Fail Better

Robert Barry, The Music of the Future

reviewed by David Stubbs

In 2010, Robert Barry was among those in attendance at London’s Cafe Oto at an event billed as An Audience With Terry Riley. In the 1960s, in tandem with Steve Reich, Riley had laid the foundations for minimalism in music, with works like In C, works which were ostensibly repetitive but through subtle and incremental variations built in intensity, evolved without conventionally ‘progressing’ in the grand old orchestral manner. These were the foundations of the future. The German Krautrock... [read more]

Master of None

Terry Gibbs, Why the Dalai Lama is a Socialist: Buddhism and the Compassionate Society

reviewed by Hawa Allan

‘I’m not going to argue in this book that we all need to be Buddhist Marxists,’ writes Terry Gibbs in the introduction to Why the Dalai Lama is a Socialist. Her intention, rather, is to illustrate how certain tenets of Buddhism and Marxism are complementary, and translatable into action that can end the suffering prevalent on our planet. A professor of political science at Cape Breton University in Nova Scotia, Gibbs proceeds to lay out her argument in the defensive tone of an academic... [read more]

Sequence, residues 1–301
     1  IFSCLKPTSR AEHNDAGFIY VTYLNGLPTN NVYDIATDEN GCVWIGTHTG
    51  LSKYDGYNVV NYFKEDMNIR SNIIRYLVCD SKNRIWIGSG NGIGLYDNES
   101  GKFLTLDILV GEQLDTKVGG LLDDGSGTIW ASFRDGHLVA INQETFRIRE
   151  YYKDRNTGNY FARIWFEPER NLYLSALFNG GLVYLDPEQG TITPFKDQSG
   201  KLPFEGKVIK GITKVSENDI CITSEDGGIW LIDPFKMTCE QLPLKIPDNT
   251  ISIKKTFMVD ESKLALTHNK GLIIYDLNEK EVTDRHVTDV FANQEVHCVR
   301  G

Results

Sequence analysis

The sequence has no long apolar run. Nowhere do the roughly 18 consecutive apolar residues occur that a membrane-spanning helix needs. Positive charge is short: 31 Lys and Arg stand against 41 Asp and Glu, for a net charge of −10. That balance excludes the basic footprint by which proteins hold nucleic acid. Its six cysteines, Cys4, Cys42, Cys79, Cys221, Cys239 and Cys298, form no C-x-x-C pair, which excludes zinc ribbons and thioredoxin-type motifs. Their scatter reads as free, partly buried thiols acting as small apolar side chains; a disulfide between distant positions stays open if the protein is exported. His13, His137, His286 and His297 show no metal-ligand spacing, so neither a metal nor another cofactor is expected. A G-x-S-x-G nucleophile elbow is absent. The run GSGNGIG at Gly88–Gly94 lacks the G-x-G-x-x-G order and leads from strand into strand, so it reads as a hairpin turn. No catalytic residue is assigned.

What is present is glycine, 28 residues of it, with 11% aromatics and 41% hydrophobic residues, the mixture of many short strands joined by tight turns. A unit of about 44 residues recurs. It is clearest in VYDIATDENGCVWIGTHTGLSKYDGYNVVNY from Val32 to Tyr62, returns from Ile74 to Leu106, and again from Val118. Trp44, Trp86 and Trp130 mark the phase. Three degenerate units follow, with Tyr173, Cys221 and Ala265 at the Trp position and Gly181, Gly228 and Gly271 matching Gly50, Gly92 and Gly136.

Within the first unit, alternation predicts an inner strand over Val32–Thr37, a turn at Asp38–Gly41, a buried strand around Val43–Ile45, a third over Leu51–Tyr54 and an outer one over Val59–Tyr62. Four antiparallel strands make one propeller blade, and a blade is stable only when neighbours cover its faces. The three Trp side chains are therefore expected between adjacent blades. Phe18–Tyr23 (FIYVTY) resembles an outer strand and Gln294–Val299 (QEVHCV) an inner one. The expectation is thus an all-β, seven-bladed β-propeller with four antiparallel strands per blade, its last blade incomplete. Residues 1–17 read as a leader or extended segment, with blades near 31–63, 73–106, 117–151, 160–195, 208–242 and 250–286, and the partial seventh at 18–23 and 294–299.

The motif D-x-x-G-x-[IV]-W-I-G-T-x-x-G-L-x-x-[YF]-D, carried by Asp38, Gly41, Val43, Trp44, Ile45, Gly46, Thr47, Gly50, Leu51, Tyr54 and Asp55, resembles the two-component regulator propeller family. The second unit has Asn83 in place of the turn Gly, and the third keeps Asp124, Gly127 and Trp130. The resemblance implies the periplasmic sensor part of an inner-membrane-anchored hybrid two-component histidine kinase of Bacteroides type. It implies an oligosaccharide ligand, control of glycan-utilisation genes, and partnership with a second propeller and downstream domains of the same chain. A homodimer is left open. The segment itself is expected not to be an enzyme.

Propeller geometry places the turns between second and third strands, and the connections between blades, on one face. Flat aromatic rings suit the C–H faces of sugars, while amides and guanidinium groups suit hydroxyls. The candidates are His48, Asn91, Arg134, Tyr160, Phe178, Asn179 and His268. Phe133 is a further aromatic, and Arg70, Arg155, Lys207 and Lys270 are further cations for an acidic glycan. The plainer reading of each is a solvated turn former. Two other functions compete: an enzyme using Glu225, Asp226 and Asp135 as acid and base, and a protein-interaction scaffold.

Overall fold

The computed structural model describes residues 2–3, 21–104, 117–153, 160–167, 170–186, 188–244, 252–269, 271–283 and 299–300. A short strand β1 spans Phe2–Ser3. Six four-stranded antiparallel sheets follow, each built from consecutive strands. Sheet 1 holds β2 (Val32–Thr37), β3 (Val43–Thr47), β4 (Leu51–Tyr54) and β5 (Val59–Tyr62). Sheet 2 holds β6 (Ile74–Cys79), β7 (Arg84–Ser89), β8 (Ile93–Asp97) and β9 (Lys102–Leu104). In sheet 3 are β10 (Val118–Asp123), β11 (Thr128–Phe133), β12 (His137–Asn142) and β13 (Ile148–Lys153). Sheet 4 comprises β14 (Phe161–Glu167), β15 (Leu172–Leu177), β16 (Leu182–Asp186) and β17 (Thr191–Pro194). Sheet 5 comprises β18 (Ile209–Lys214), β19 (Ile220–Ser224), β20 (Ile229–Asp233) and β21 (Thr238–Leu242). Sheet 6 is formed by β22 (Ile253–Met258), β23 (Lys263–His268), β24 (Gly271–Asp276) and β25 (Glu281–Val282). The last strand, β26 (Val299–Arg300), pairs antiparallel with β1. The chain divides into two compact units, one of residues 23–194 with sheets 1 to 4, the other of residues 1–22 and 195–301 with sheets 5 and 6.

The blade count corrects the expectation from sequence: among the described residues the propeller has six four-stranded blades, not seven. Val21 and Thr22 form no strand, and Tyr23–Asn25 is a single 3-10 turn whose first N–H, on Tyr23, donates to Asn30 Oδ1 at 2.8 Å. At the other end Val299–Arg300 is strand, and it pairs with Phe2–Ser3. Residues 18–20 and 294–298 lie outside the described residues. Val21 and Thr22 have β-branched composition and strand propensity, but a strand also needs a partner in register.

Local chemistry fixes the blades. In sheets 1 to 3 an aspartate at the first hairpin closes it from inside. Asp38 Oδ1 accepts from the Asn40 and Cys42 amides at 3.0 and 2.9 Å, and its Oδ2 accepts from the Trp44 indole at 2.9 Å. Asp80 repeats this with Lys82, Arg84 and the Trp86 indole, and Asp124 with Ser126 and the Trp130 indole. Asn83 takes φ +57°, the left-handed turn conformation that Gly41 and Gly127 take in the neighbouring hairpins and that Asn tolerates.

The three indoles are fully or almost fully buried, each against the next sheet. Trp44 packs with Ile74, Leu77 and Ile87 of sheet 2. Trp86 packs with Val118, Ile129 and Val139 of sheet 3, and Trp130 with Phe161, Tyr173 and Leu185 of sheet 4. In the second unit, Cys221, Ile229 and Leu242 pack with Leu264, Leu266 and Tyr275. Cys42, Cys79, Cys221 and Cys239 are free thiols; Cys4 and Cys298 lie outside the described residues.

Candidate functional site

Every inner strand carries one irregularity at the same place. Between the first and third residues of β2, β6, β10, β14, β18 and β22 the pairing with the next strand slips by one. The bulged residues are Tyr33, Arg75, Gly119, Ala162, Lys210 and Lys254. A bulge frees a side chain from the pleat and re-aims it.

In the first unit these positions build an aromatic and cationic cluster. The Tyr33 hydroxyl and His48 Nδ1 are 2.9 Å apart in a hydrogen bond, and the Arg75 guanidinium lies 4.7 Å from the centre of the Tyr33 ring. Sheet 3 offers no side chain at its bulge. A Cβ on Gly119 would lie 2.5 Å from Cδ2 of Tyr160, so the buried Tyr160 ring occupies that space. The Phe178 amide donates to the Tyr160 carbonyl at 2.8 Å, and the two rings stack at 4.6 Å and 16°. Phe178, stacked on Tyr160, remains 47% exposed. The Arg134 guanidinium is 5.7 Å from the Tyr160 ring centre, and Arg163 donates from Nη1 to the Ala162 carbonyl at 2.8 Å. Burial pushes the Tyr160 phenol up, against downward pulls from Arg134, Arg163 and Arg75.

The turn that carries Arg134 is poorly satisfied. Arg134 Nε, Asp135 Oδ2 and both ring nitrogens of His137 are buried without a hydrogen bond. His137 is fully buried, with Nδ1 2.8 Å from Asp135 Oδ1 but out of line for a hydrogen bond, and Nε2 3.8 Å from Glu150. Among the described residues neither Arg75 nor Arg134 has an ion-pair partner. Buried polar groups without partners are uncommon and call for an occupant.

Shyness Isn't Nice

Hamja Ahsan, Shy Radicals: The Antisystemic Politics of the Militant Introvert

reviewed by Dominic Fox

The first thing I have to tell you about Shy Radicals is that, while it is often terribly funny, it isn’t a joke. Hamja Ahsan has taken the form of the militant tract, with its demands and denunciations and piercing accusations against a fundamentally disordered world, and used it to talk about, well, shyness. The world as it is for other people, neurotypicals going about their noisy neurotypical business, is confronted as a kind of torture chamber for the shy and introverted, the quiet and... [read more]

‘What we could be if we dared’

Charlie Fox, This Young Monster

reviewed by Leonora Craig Cohen

Charlie Fox has such good taste, one could forgive him almost anything. This Young Monster is a long, extremely erudite rant about the connections between queerness, monstrosity and the creative drive, with a particular focus on photography and film. Increasingly of interest to academics and cultural critics, the monster is a multivalent symbol for societal rejection, ambiguous identity, and the physical horror of adolescence, among other things. As JJ Cohen put it in Monster Culture (Seven... [read more]